There is a lot of buzz about the power of storytelling in successful fundraising. I see it on many blogs, twitter and articles.
Everyone seems to be talking about storytelling. I hope you are too.
Traditionally, I think folks thought about storytelling in the context of a fund appeal letter or e-appeal as part of a direct-response program.
But, it’s absolutely crucial in major gift fundraising. I’m not sure where this came from, but fundraising professionals thought that the more money you give, the less emotion plays into the motivation for the gift.
We’re all humans. As my business partner, Richard Perry, likes to quote, “The difference between us and people with money is that they have more money.”
For some reason, we tend to think that major donors somehow are devoid of emotion when they make their gifts. That couldn’t be further from the truth.
So, how does this play out as you steward your donors? Well…understand that your donors give from their head and their heart. And, that every project or program you need funded has a story behind it.
Yes, you definitely have budgets, facts, data and a plan for each of these projects, but somewhere there is a story in there that will inspire your donor. So, how do you tell that story? Ultimately it would be great to have it come from the inspiration for that project. Who better to tell the story than the person who dreamed up the project or program.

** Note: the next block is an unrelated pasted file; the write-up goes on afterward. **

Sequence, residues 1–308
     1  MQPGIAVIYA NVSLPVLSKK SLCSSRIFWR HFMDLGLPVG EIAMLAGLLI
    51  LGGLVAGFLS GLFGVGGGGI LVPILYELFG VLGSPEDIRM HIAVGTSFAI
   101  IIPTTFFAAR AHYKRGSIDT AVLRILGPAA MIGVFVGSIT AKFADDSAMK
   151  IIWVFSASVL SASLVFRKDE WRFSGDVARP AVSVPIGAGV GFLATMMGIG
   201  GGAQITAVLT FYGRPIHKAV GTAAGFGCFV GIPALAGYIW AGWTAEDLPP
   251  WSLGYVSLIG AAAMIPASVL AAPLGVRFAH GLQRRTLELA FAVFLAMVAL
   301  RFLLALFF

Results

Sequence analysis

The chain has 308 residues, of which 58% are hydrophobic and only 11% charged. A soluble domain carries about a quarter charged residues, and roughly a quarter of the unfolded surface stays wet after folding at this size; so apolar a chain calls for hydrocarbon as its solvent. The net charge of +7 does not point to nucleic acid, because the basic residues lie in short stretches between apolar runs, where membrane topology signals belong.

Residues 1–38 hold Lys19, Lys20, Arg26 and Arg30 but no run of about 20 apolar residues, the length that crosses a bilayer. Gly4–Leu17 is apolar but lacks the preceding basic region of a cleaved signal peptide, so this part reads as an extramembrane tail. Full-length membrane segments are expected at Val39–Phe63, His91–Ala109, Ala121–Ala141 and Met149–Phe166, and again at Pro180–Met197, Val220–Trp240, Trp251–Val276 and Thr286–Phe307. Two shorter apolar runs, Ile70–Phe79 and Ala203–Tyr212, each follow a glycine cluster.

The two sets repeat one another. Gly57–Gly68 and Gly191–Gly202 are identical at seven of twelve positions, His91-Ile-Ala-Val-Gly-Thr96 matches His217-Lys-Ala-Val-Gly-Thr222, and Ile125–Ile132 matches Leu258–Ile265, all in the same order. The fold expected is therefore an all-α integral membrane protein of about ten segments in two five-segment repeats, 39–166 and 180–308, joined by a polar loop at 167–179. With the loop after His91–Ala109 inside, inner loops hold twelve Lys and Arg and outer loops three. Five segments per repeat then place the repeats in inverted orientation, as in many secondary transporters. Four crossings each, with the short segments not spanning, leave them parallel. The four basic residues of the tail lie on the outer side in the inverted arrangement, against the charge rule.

Or, it could be the person managing the particular project…but even better the story could come from the person or people who are benefiting from it. What an incredible way to connect the donor to the need than to hear from those who are most benefiting from it.
But, in all the telling of OUR story, we cannot forget that we also need to hear the donor’s story. In fact, it may be more important. I was reading the Future Fundraising Now Blog and came across this quote:
“The stories we tell should not be about ourselves — how effective, and cool, and world-changing we are. The stories should be about how donors connect to the cause we mutually care about.”
You need to know THAT story. You should ask yourself, am I listening to my donors? Have I asked them why they care about the work we do? Have you heard why they choose your organization over others?
Knowing your donor’s story allows you to tell your story in a more powerful, respectful and life-affirming way.
It’s not about you. It’s about your donors. Remember that as you learn how to tell your story to inspire your donors. Perhaps it’s they who can first inspire you.